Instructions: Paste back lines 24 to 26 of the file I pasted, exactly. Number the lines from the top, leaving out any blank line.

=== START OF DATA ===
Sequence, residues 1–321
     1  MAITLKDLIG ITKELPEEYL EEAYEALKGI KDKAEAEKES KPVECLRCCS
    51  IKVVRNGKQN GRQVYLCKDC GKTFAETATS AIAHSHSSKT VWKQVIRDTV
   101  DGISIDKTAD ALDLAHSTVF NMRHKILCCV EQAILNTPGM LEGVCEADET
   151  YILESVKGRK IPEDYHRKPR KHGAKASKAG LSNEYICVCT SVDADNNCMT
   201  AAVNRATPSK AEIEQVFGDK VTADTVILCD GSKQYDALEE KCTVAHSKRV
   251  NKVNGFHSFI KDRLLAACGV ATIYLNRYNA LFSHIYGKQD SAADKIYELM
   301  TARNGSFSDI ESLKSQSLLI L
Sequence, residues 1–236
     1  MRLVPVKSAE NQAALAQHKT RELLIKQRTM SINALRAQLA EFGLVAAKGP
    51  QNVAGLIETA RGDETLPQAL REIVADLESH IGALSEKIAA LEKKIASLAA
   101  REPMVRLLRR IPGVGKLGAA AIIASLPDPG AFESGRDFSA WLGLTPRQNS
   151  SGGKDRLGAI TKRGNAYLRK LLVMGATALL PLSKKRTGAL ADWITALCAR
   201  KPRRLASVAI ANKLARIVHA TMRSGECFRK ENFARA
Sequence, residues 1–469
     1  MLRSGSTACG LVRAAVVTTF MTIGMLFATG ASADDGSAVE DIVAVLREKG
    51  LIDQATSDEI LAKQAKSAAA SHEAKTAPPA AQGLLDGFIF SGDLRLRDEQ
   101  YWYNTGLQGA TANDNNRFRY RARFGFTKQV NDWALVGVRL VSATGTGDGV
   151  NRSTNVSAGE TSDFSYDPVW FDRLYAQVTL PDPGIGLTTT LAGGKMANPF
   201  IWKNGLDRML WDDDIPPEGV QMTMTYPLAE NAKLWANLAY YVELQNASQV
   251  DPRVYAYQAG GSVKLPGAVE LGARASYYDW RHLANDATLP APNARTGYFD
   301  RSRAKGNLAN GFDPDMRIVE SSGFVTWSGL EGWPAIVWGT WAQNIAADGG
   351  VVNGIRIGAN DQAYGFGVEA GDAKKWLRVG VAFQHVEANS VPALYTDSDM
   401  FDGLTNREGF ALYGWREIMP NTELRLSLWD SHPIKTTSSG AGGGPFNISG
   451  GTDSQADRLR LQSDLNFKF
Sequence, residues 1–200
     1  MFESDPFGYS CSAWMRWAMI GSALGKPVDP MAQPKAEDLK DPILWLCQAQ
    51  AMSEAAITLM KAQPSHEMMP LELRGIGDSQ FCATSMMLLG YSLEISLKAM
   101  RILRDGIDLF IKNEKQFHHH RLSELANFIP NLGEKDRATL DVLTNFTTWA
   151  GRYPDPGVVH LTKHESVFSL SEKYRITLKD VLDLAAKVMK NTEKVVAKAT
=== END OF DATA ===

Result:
   401  FDGLTNREGF ALYGWREIMP NTELRLSLWD SHPIKTTSSG AGGGPFNISG
   451  GTDSQADRLR LQSDLNFKF
Sequence, residues 1–200